They are like ninjas, dressed completely in black, spying and moving stealthily in the night to avoid detection. These are not military commandos, but rather a trio of Galápagos National Park Rangers, backed up by an international group of volunteers, monitoring the nesting activities of green sea turtles. The 2014 nesting season runs from January until June and the group’s mission is to protect the eggs from predators. The sea turtles began breeding in December and the females are now heading for the beaches of Galápagos to lay their eggs.
The scene is played out nightly at Quinta Beach on Isabela Island, where the rangers have set up camp. This is outside the areas open to visitors and is the main Galápagos nesting area for the turtles, known to scientists as Chelonia mydas. The park also plans to set up a second monitoring camp on Las Bachas beach on Santa Cruz Island, another nesting area.
Using red light, which the turtles can’t see, members of the monitoring team work in pairs to track the females. Team members sneak behind the lumbering creatures as the turtles choose spots to dig nests with their hind flippers. As the turtles lay their eggs, the monitors count each one. A typical nest chamber is about 20 inches deep and can hold about 70 eggs. The National Park Directorate said in a press release that the monitors counted 30 nests on the first day.
A typical shift for the group runs from about 9 p.m. until dawn. When they’re done spying, monitors enter information for each nest in a computer database that’s used for tracking the turtle population. They’ll revisit the nests in about 50 days to see how many of the eggs have successfully hatched.
A park spokesperson said that two big concerns are feral cats and wild boars that consider the turtle eggs a delicacy. Another is the fleet of small fiberglass powerboats plying the waters off Isabela. Many of the turtles have been injured or killed tangling with the boats’ propellers.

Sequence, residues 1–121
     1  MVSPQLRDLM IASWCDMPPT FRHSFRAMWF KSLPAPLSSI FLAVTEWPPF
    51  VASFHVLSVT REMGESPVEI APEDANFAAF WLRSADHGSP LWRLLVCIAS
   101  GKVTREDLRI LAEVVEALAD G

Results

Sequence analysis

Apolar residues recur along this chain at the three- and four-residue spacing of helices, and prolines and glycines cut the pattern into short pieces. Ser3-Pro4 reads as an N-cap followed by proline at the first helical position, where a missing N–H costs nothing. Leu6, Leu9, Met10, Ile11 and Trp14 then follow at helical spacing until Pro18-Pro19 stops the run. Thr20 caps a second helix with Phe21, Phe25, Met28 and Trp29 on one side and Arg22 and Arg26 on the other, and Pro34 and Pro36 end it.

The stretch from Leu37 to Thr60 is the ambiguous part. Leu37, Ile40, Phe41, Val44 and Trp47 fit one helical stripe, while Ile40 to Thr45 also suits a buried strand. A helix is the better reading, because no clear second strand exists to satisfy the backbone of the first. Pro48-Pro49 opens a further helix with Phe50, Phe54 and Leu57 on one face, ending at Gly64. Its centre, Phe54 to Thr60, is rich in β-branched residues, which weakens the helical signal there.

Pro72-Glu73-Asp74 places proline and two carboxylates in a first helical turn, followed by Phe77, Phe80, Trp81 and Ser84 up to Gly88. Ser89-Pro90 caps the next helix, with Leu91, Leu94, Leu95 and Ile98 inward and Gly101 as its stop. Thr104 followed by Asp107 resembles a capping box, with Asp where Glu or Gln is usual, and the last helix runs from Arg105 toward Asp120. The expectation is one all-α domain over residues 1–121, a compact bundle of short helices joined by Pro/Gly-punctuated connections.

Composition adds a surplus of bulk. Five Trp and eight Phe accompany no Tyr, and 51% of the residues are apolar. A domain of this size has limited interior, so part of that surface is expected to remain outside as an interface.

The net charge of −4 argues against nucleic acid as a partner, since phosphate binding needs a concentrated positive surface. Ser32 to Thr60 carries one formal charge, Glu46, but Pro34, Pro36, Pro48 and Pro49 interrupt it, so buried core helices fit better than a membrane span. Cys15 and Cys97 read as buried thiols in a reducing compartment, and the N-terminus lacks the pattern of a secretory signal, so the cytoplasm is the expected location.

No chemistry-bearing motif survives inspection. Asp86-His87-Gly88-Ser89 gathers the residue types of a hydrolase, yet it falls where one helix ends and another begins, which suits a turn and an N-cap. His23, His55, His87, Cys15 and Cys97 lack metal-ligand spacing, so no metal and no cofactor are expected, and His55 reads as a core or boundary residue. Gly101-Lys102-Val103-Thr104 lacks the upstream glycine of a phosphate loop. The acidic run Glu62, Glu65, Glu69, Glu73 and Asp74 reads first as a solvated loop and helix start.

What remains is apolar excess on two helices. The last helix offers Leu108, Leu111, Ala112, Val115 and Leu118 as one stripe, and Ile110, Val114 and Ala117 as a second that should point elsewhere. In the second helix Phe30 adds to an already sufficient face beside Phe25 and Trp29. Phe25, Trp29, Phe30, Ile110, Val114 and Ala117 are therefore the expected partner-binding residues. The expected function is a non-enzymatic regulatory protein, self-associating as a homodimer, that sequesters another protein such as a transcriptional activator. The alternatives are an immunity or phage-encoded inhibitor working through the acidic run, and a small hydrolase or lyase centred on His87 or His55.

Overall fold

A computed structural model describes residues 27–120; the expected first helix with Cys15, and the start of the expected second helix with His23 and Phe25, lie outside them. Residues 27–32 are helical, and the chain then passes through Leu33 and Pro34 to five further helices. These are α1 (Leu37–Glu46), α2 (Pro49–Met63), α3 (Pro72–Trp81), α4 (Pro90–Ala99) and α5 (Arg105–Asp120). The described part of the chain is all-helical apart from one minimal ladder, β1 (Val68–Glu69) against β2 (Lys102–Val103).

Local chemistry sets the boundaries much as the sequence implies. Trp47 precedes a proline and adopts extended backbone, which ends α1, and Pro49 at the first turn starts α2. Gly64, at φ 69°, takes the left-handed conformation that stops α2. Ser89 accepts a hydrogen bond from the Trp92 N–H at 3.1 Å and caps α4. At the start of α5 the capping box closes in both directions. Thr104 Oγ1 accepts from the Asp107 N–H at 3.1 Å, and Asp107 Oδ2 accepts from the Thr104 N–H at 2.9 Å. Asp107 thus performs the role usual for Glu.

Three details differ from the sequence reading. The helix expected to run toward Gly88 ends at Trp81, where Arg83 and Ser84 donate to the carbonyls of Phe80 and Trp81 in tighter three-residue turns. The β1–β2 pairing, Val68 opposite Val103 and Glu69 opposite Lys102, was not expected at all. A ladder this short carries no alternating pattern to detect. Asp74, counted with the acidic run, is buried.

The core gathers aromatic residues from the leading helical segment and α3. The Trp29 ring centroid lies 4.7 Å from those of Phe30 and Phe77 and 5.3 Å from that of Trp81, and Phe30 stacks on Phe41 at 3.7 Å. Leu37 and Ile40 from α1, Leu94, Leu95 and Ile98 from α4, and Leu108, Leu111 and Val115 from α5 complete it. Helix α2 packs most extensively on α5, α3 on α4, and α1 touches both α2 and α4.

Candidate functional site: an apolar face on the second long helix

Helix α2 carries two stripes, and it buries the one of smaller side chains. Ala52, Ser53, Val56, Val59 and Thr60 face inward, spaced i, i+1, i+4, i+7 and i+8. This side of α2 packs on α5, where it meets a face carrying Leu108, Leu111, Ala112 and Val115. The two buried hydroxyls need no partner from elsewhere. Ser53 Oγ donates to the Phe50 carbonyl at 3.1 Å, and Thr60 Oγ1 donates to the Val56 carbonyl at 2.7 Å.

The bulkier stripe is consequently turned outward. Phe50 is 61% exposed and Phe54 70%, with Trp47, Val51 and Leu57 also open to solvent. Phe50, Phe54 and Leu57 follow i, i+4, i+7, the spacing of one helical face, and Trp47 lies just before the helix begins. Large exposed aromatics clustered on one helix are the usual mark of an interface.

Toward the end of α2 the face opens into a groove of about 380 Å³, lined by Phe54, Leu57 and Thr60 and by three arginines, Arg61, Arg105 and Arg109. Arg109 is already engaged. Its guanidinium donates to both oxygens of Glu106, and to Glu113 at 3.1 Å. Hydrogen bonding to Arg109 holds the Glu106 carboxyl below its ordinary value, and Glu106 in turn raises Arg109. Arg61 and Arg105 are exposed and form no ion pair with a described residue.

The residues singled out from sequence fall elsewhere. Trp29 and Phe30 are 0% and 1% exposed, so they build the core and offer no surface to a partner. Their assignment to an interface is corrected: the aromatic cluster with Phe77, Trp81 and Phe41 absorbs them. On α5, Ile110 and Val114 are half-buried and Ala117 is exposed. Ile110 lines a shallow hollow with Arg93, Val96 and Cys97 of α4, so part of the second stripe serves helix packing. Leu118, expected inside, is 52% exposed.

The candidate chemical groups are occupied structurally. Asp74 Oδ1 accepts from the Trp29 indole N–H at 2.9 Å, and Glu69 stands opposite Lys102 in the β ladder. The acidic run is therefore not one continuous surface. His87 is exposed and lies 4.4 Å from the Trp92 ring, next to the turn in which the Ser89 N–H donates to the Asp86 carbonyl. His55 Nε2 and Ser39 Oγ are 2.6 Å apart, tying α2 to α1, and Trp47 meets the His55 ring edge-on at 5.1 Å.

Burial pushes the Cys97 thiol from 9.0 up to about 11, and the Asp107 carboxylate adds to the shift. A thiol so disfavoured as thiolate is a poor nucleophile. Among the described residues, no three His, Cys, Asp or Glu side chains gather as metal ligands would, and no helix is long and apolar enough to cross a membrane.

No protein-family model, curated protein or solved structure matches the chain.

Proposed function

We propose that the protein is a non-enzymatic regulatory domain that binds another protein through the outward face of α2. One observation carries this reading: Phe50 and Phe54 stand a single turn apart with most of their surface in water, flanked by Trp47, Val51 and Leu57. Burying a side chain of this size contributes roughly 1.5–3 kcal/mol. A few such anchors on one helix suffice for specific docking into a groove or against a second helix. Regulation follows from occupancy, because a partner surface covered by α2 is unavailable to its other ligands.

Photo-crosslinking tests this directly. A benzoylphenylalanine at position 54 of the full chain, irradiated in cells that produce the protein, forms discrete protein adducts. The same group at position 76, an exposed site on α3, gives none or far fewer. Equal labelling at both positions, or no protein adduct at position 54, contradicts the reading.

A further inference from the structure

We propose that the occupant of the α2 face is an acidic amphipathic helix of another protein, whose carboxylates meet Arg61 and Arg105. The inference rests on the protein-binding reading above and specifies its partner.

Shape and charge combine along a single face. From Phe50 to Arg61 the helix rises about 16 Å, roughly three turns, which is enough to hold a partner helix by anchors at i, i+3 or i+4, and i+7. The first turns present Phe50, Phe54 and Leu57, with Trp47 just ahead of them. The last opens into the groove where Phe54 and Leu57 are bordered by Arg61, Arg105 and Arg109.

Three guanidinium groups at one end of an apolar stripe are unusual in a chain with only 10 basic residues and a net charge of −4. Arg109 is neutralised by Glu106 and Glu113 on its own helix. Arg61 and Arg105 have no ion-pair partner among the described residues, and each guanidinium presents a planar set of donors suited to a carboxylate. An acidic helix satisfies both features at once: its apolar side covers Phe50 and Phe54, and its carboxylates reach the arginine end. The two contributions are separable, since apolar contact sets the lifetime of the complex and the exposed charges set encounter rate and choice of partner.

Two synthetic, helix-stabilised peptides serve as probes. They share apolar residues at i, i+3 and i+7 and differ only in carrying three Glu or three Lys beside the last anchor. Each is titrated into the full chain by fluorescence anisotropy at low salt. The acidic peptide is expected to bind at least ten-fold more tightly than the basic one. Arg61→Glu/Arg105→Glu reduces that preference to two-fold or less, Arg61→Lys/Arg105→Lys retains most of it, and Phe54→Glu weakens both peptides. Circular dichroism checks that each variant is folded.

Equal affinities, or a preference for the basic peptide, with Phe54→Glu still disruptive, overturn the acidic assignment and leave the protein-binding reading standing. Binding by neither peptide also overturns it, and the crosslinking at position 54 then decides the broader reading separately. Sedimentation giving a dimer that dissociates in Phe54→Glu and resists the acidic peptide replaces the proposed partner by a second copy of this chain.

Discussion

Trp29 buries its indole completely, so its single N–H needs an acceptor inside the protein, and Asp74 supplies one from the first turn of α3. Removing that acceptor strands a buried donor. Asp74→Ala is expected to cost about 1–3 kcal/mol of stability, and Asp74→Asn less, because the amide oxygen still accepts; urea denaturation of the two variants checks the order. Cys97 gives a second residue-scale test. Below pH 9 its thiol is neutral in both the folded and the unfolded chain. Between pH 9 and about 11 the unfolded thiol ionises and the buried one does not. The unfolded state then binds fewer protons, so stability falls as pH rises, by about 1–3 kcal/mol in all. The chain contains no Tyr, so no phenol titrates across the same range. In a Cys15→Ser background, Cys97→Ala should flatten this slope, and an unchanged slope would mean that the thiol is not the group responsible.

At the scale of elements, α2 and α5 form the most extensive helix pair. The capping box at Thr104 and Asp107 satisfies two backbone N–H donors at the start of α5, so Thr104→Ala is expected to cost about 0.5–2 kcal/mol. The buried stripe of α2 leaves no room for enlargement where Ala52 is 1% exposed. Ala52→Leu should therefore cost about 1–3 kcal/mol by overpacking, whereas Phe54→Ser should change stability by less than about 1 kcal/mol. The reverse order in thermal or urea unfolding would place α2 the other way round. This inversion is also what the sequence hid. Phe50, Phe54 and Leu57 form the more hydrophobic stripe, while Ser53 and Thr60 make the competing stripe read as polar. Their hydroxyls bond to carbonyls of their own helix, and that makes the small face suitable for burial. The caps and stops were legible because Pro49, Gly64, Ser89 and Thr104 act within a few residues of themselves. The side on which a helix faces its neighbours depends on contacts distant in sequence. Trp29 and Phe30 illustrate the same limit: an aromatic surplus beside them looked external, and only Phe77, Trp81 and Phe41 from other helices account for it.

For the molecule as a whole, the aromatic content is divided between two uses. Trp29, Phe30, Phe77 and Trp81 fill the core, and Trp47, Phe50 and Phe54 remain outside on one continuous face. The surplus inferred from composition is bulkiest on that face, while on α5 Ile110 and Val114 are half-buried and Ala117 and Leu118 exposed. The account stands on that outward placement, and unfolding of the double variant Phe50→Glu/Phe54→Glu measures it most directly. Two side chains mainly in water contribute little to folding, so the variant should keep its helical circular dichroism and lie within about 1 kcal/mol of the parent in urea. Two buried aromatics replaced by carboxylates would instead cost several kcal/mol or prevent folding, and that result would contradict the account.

According to Eduardo Espinosa, a technician with the park’s ecosystem directorate, about 60% of the turtle eggs hatch successfully. But he notes that because of predators, including many Galápagos bird species, a turtle hatchling’s odds of making it to adulthood aren’t great–only about 1 in 1,ooo.
The turtle monitoring project is one of many that the park has undertaken to watch over the fauna of the Galápagos Islands and protect them from intrusion by humans and other introduced species. On Santa Cruz and Isabela islands, park personnel are conducting a census of the flamingos to determine the size of the population. In previous years, scientists estimated there were about 500 of the colorful birds in the Galápagos.
On San Cristóbal Island, the park has announced the popular Playa Mann beach is closed to bathers on weekend afternoons so that the sea lions can mate relatively undisturbed by beachgoers. The restriction began on January 11 and will run until February 16. Here, the big concern is human safety.
Park representative Carlos Ortega told Galápagos Digital that during mating season, “the male sea lions can become very aggressive,” so the best advice for humans is to stay out of the water while the sea lions are doing what comes naturally.
Playa Mann is relatively small (about the length of a football field) and gets about 300 visitors a day during Saturdays and Sundays. Visitors, Ortega said, will be greeted by park personnel who will explain the weekend ban on swimming between the hours of 1 p.m. and 6:30 p.m.
Sea lions can also suffer negative effects of interacting with humans and the pets they’ve brought to the islands. As Galápagos Digital reported in July of last year, a British study of sea lions showed that those in inhabited areas of the Galápagos suffer more health problems than those who seek the uninhabited islands. They may be picking up diseases from dogs and other domesticated animals introduced by humans. The Galápagos National park has not yet confirmed this but is conducting its own study on the sea lion population.
The park is planning a community forum on sea lions for San Cristóbal residents on March 5th. Ortega said an international panel of experts will talk about how humans can better share the beaches and protect the sea lions.